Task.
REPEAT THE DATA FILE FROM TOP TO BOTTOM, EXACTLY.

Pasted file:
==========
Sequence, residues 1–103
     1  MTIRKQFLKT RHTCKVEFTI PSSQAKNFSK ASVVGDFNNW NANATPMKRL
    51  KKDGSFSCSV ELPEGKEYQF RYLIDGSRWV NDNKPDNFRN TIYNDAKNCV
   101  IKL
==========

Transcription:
Sequence, residues 1–103
     1  MTIRKQFLKT RHTCKVEFTI PSSQAKNFSK ASVVGDFNNW NANATPMKRL
    51  KKDGSFSCSV ELPEGKEYQF RYLIDGSRWV NDNKPDNFRN TIYNDAKNCV
   101  IKL